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Publisher's Summary

Listen to the end for an audiobook exclusive: Brett Anderson in conversation with Matt Thorne, author of Prince.

Brett Anderson came from a world impossibly distant from rock star success, and in Coal Black Mornings he traces the journey that took him from a childhood as 'a snotty, sniffy, slightly maudlin sort of boy raised on Salad Cream and milky tea and cheap meat' to becoming founder and lead singer of Suede.

Anderson grew up in Hayward's Heath on the grubby fringes of the Home Counties. As a teenager he clashed with his eccentric taxi-driving father (who would parade around their council house dressed as Lawrence of Arabia, air-conducting his favourite composers) and adored his beautiful, artistic mother. He brilliantly evokes the seventies, the suffocating discomfort of a very English kind of poverty and the burning need for escape that it breeds. Anderson charts the shabby romance of creativity as he travelled the tube in search of inspiration, fuelled by Marmite and nicotine, and Suede's rise from rehearsals in bedrooms, squats and pubs. And he catalogues the intense relationships that make and break bands as well as the devastating loss of his mother.

Coal Black Mornings is profoundly moving, funny and intense - a book which stands alongside the most emotionally truthful of personal stories.

©2018 Brett Anderson (P)2018 Little, Brown Book Group

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Profile Image for Anna Lloyd
  • Anna Lloyd
  • 03-01-18

A memoir of Brett Anderson

I intended to listen, by way of delayed gratification, chapter by chapter in installments. But like a packet of opened biscuits, I guiltily consumed Coal Black Mornings in one sitting. This is a memoir in which the author paints a picture of his bleak, poverty stricken upbringing with the juxtaposition of the colourful family characters that would later bring the lyrics of his song to life. It's a story of the influence of father to son and then on to Brett's own son. The moment you look in the mirror and see and acknowledge you are a reflection of your parents.

5 of 5 people found this review helpful

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Profile Image for Gary
  • Gary
  • 03-08-18

Half a biography

Was really enjoying this until it ended when they signed their record deal which was a real shame.

1 of 1 people found this review helpful

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Profile Image for Gareth Murphy
  • Gareth Murphy
  • 03-04-18

Enchanting

I tried to pace myself but couldn't. Brett's descriptive prose is difficult to tear yourself away from and I wanted more.

In terms of story it's an account of childhood, youth and band formation. But it's Brett's worldview that really captivates. The way he crystallises a certain time in a certain place that seems familiar in many ways and yet in others markedly distinct from my own youth.

A real accomplishment.

1 of 1 people found this review helpful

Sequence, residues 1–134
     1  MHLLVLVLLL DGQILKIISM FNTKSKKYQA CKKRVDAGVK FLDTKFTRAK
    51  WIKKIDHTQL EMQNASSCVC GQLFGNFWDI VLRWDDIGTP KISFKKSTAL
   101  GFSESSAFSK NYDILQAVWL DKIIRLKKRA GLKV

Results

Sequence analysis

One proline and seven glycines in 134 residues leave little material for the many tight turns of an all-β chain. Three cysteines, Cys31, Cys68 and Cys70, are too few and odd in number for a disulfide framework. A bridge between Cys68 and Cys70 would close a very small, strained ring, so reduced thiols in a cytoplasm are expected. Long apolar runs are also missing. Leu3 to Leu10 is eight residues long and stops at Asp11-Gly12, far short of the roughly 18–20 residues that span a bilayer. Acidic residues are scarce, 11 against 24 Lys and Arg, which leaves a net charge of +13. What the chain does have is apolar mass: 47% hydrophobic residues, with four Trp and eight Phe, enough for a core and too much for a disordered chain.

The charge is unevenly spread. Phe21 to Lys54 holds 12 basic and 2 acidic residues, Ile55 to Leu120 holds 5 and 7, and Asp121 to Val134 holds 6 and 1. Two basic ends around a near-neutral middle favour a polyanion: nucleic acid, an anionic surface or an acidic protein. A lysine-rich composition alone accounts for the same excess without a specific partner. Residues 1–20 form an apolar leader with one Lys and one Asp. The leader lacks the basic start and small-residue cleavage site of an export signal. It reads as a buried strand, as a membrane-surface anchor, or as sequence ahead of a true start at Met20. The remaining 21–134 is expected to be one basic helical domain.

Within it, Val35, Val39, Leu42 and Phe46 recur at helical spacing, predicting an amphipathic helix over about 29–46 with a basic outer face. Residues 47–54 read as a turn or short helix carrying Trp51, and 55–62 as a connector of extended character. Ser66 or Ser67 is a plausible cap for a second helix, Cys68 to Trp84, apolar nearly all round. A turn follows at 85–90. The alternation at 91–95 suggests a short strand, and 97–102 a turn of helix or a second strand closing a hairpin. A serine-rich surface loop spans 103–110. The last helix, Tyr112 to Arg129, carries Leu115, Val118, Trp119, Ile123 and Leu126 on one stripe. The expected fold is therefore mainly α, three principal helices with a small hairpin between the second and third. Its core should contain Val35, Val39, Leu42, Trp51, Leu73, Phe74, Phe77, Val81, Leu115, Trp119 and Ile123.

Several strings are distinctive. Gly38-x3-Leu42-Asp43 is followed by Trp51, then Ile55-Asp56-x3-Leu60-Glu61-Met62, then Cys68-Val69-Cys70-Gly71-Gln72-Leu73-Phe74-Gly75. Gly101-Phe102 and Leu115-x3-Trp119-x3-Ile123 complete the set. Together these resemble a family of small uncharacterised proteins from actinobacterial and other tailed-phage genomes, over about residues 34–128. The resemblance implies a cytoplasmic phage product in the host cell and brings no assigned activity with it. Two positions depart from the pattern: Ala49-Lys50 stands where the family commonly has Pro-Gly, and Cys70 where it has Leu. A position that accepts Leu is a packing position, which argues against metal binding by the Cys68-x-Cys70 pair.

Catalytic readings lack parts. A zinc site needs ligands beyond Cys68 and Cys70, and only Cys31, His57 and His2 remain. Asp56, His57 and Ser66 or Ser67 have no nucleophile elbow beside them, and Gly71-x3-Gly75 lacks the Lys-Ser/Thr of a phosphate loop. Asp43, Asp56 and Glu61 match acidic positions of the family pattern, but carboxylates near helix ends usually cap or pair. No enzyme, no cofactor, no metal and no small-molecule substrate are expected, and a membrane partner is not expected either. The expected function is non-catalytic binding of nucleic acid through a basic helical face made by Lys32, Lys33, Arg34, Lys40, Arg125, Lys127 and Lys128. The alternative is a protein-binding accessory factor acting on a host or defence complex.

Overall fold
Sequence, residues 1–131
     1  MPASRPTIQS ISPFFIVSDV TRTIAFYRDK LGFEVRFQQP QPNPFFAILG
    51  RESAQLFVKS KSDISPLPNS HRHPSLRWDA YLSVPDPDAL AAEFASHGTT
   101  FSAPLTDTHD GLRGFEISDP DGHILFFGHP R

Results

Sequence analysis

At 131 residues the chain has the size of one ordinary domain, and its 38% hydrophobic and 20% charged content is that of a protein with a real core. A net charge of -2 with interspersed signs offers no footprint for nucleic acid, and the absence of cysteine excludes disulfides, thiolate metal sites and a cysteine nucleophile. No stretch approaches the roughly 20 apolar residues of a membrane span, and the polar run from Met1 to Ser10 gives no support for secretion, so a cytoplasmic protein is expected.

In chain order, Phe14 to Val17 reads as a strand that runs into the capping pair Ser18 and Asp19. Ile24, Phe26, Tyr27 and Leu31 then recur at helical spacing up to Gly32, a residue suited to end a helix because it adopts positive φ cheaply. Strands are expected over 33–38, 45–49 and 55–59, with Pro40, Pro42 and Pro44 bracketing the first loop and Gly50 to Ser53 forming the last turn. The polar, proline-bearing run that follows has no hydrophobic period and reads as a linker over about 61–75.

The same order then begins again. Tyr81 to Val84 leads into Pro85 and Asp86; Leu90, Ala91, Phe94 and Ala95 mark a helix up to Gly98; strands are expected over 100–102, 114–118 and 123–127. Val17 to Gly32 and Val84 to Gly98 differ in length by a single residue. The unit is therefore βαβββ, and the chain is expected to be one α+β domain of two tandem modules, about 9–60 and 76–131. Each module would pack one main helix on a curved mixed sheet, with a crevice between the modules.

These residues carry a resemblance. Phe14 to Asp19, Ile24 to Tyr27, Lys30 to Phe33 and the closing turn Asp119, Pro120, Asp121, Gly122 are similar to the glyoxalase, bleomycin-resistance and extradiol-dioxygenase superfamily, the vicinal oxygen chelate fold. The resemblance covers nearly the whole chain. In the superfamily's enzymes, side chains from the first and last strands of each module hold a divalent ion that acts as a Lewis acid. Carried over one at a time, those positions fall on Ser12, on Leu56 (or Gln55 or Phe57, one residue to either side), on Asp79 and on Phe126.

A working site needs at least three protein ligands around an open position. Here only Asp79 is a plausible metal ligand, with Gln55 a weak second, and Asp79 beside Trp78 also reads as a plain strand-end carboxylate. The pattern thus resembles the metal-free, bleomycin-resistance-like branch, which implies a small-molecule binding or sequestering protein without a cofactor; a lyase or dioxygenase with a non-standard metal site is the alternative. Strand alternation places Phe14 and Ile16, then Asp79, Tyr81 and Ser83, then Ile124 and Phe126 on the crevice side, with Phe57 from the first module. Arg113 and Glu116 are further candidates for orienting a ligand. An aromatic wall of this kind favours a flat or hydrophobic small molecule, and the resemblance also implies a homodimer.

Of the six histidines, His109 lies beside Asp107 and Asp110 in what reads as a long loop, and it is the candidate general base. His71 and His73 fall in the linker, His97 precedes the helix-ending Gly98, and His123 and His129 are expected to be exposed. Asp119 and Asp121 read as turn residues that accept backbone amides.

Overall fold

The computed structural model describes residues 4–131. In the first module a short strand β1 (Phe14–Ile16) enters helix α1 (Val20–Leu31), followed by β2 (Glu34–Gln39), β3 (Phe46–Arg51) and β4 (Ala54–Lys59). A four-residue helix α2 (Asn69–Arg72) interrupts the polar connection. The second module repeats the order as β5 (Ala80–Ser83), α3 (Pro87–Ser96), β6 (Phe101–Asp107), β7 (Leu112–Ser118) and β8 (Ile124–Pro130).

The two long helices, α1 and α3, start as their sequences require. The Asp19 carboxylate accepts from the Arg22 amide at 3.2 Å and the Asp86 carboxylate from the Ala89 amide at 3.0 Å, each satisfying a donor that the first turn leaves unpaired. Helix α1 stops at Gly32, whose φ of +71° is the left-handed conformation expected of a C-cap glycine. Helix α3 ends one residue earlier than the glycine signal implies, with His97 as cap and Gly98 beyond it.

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Profile Image for S Tickner
  • S Tickner
  • 03-28-18

Honest and real.

Definitely a good listen for fans. Fills in many gaps. Not sure Brett's writing style translates so well to the spoken word and his slightly dour delivery doesn't match his fabulous vocal range when singing BUT.....I still loved every second of this book. His candid account of his family, early years and the emergence of suede is choice. Loved it...especially by the time I got to the end.

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Profile Image for Mrs Clare Moses
  • Mrs Clare Moses
  • 03-25-18

A beautiful one - beautifully told

Brett Anderson’s prose style is engaging, eloquent and poetic. This is no bog-standard rock biography but instead, a touching and delicately observed portrait of a highly unconventional upbringing which, whether you are a Suede devotee or not, is truly worth reading.

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  • Arlene Finnigan
  • 03-15-18

Fascinating story

Great read, and achieves its aim of not being a stereotypical rock star memoir. Brett Anderson's family sound fascinating and he describes them honestly and generously. The language is as flowery and pretentious as you'd hope and it's a great story.

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Profile Image for C. Cameron
  • C. Cameron
  • 03-09-18

Typically Brett Anderson

A heartfelt, beautifully written autobiography very different from your usual rock star tome.

Surprised by when it ends, having not read any reviews, but thr book gives great insight into what made Brett as a performer.

Always loved his use of language and imagery and the book delivers on that too.

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Profile Image for Mr. C. Willis
  • Mr. C. Willis
  • 04-07-18

Exceptional

More Charles Dickens than Ian Hunter. Everything you hoped the Morrissey book would be. Probably the best music artist memoir ever written

0 of 1 people found this review helpful